And neither you nor I shall forget through our lifetime the queues of wailing people outside crematoriums and burial grounds during the height of the Second Wave of the dreaded COVID-19 pandemic; or, for that matter, the shortage of beds and medical oxygen cylinders that could have saved thousands of gasping Indians from premature passing. We have since been told in our Parliament that no one suffered or perished due to the lack of oxygen supplies in India in times of deathly need in April and May this year. Clearly, we desperately need to wipe out the gory visuals of emerging dead bodies in the Ganges from our disgorged minds.

Shuttle-cock theory

As a youngster, I played badminton and was pretty darned good at it too. Some decades later, though, along with crores of my fellowmen, I feel like a shuttle-cock, being hit and flung over the dreaded net from one side of the court to the other. One the one side, I fill petrol and diesel in my cars, cringing when I pay the bill. On the other, I buy edible oils, cardamom for my tea and vegetables for my plate – here again, I simmer away and singe as my pockets are emptied faster than I can recoup.

Finally then, to get away from it all, I hit the highway and end up paying toll through my nose. And then again, as petrified me reaches some resort somewhere with my two little Indie cats, I hiss and claw louder more fiercely than them when I am told the tariffs by the hoteliers. I argue with the hospitality manager and I realize that he is even worse off than me, having kept the shutters down for months through the pandemic and now making up for whatever losses he has incurred by dramatically increasing prices.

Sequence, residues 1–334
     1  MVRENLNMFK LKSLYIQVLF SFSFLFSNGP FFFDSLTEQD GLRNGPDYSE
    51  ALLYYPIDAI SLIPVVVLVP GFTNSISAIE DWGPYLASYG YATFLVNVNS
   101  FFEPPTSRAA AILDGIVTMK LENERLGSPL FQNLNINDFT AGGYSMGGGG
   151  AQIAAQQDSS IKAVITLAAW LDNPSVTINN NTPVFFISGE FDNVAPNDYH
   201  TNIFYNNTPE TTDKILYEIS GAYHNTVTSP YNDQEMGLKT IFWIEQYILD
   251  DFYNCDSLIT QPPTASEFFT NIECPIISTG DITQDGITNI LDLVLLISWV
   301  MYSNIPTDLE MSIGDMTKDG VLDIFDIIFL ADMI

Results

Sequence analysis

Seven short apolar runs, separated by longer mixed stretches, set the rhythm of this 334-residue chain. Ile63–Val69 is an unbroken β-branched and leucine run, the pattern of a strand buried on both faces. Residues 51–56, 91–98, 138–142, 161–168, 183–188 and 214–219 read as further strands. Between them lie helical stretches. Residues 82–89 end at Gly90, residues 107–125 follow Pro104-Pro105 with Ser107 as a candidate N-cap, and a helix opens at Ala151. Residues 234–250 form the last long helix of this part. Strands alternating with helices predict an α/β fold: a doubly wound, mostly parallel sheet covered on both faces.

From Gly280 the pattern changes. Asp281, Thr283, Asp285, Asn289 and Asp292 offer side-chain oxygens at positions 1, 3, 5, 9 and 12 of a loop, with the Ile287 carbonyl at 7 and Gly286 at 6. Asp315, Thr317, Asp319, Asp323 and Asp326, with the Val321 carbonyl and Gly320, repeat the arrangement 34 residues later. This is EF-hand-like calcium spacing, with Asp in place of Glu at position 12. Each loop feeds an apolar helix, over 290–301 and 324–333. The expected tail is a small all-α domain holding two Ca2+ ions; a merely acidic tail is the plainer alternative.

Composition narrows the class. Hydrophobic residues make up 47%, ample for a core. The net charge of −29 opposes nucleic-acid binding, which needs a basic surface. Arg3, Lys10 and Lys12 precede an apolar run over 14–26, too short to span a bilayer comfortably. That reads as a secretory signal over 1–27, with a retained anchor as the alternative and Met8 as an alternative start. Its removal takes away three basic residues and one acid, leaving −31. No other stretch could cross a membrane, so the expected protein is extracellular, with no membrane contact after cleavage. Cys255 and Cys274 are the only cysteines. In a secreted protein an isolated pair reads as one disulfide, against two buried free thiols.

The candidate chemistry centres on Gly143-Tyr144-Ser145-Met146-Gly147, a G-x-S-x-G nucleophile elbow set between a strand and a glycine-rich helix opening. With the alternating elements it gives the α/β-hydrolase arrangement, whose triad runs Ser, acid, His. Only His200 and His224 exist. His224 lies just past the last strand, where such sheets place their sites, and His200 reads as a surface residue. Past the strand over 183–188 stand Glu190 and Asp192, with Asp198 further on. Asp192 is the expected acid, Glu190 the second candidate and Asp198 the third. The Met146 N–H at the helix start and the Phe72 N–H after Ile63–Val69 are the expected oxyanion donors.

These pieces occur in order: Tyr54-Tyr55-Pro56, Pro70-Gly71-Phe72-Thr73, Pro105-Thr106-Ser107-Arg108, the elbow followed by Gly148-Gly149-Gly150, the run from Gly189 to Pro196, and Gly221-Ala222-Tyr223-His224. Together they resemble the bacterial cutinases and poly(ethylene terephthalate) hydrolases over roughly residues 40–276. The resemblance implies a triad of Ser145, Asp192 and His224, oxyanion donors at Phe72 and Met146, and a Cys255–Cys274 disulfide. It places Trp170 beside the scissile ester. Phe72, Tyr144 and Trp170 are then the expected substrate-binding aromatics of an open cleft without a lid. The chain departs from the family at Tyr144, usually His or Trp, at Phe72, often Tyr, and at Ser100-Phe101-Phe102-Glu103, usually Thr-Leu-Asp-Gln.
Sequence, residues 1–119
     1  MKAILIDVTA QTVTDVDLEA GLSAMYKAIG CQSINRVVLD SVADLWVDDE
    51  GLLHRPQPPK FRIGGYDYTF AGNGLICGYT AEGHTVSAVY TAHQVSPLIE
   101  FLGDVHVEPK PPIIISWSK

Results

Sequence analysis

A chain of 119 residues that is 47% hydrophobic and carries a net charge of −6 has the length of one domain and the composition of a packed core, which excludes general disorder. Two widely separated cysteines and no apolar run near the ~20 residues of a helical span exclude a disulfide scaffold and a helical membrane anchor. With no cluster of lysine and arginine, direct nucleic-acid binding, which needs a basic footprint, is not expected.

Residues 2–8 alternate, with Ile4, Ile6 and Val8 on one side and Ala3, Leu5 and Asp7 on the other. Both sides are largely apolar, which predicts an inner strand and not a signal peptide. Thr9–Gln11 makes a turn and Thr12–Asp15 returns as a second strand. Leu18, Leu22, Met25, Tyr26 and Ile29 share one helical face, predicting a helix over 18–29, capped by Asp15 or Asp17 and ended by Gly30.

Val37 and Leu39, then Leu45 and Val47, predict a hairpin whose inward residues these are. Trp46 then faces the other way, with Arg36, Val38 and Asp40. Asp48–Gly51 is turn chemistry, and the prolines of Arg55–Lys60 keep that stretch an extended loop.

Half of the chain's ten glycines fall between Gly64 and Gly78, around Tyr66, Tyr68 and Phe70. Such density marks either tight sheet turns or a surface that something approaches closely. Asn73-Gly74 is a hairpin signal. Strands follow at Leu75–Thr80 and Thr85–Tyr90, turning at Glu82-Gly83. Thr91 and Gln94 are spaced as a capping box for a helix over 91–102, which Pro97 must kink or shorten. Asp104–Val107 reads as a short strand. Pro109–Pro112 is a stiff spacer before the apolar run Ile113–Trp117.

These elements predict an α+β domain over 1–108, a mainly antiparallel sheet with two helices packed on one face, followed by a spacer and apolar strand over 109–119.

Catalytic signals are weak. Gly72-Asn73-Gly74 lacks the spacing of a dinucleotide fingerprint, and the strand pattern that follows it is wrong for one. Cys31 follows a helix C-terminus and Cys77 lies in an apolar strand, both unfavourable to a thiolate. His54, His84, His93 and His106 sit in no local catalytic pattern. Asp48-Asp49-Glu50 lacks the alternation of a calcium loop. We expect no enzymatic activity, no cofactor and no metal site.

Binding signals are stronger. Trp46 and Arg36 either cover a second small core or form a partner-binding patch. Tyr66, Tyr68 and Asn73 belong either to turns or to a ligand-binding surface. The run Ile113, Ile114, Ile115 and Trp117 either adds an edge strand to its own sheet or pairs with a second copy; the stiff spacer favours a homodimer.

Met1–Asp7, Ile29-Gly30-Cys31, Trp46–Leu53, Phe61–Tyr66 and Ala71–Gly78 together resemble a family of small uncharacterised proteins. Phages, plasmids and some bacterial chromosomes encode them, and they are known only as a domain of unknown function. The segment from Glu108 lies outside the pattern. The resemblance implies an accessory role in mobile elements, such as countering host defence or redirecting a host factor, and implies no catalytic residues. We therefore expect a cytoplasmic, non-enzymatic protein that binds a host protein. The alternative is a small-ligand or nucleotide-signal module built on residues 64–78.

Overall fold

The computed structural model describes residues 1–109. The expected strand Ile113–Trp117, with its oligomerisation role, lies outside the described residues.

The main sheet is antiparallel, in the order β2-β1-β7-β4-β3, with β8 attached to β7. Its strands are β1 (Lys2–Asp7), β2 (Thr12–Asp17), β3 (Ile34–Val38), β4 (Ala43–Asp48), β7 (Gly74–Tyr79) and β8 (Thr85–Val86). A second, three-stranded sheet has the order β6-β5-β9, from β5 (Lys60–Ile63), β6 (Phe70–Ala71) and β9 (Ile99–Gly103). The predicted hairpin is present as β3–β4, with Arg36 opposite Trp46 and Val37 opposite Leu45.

We can't blame anyone for this turn of events, except an Almighty that chose to again subject us to a once-in-a-century pandemic, or our greater new Almighty who are all turning a blind eye to anyone with a strident voice or the temerity to voice an opinion. Dissent has clearly gone out of favor and nepotism holds fervor, gathering a fan following of hoodlums and hooligans like never before.

Fuelling the country

That brings us to a deadly discussion point – is India now surviving on petrol and diesel levies, with excise duties well over 30 per cent and climbing? Mumbaikars have been paying over Rs 100 per liter of petrol for a while. At the time of going to press, they were paying around Rs 108 per liter of liquid gold. In Delhi, the price crossed Rs 100 in July and now, it is around Rs 102. Decades back, as a young journalist, I wrote a column on the Administered Pricing Mechanism and the shift to free-market pricing. Today, for years, we have had free-market pricing on petroleum products, but even a wiser me is left scratching my head to understand what is happening to petrol and diesel prices. They should be down, but they are going up still.